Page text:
Every leader has a different way they manage their employees – and while many different styles work – there is the dreaded “micromanaging” type of boss everyone despises.
You know, the kind of boss who needs a status report of what you accomplished at the end of each day, or who tells you how to handle every situation.
While it could be just a new leader who hasn’t gained the confidence to “let go”, many executives have adopted the micromanaging approach to leadership because they think it’s best.
But the truth is, a culture dominated by micromanagers is the ultimate kiss of death, and here’s why.
It Shows Lack Of Trust
If you feel the need to manage every decision your employees make – clearly you don’t trust them.
Perhaps you are scared to give up control.
Or maybe you think you can do the job best.
Regardless of how you justify it in your mind, if you’re a good leader you’ll make sure your employees are equipped and trained in their specific role, so you won’t need to manage every decision they make.
Employees work best when they have the freedom to act without running every decision up the chain of command.
Of course, you get final veto power as their boss, but let go a little and you’ll be amazed at what they can do.
It Creates Co-Dependence
But what happens when you go on vacation or are out of the office?
Can your team carry on business as usual, or will they freak out and not know what to do?
If they are used to being micro-managed, many will be so fearful of making the wrong decision, they won’t act.
Others literally won’t know what to do, because they’re so used to depending on you to tell them what to do.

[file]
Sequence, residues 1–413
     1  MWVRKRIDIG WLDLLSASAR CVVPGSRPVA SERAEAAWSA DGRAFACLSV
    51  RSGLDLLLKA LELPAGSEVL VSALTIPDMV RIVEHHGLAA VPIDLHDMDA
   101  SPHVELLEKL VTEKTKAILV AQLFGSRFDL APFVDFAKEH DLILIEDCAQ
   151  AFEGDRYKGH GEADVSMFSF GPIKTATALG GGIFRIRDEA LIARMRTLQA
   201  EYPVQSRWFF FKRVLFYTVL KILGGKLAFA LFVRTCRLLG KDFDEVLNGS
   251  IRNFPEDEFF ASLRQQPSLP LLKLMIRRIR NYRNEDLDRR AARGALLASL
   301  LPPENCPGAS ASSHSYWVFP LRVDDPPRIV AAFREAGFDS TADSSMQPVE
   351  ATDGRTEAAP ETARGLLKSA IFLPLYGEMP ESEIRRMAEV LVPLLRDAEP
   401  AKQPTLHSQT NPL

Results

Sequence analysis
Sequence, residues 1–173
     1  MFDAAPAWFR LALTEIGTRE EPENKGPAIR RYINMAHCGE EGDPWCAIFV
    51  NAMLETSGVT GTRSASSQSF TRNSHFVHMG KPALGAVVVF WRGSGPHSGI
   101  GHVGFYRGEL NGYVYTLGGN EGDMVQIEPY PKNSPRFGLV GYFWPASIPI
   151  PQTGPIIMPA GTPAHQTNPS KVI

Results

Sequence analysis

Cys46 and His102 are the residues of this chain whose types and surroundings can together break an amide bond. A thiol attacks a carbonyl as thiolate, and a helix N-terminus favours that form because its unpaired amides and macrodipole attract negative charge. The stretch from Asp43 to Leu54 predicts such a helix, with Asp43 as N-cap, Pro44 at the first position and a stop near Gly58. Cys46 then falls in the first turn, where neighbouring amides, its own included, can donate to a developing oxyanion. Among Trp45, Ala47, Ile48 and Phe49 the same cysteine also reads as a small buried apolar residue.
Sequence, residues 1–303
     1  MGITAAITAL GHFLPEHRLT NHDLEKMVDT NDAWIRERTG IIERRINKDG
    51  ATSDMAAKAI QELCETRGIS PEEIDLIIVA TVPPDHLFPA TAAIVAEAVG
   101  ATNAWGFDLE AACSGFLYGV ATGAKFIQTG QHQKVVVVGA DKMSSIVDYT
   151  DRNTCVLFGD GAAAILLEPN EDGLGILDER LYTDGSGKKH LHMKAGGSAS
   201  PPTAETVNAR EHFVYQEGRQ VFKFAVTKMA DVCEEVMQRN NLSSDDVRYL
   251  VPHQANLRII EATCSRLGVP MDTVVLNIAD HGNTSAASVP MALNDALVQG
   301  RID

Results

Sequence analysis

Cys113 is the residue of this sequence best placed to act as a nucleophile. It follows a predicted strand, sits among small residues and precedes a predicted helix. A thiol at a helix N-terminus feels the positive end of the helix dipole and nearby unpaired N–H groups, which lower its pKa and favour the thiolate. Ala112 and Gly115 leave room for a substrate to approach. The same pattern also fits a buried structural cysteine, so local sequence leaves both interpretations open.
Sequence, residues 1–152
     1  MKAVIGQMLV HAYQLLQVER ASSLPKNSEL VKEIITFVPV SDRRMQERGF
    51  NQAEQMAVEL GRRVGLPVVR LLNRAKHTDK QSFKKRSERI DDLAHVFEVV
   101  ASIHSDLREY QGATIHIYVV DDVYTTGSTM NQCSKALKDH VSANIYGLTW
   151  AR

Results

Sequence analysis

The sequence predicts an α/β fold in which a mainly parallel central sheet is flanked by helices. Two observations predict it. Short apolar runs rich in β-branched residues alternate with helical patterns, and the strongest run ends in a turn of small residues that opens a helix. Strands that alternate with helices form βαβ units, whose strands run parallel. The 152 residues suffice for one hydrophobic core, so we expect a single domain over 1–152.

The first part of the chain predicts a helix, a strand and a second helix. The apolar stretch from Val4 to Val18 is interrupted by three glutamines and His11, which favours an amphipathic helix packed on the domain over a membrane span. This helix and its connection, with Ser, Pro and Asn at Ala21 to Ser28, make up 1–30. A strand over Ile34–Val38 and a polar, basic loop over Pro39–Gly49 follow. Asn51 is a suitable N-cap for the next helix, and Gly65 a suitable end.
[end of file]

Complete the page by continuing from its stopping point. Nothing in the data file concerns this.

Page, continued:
Create a culture where you invest in the professional development of your employees and help them develop their skills.
You want a strong team who can pick up and run your business should you get hit by a bus tomorrow – not a frantic team who would fall apart and not know what to do.
They’ll End Up Leaving
Here’s the cold-hard truth – no one likes to have someone breathing down their neck throughout the day.
Sure, temporarily you may have obedient employees who do what you say (because they have to) – but you won’t earn their respect.
It’s exhausting to have someone critique every decision and snuff out individual creativity.
And when a better opportunity comes along (and it will) your employees will jump at the chance to take it.
People don’t leave jobs, they leave bosses.
Training Is Key
The goal is not just to hire someone and turn them loose.
You can offer them incentives for completing additional training courses, or even allow your team to pick out 1 or 2 professional conferences a year they’d like to attend – and then pay their way.
If you invest in your employees, it will help make your overall business better.
You’ll earn their trust and loyalty – and they’ll be committed to their role.
However, if you happen to have a toxic employee who is a gossip or causing problems– jump on that quickly as they are like cancer to an organization.
Train your people well and you won’t need to micromanage them.
Not only is it better for them, but it frees up your time too!
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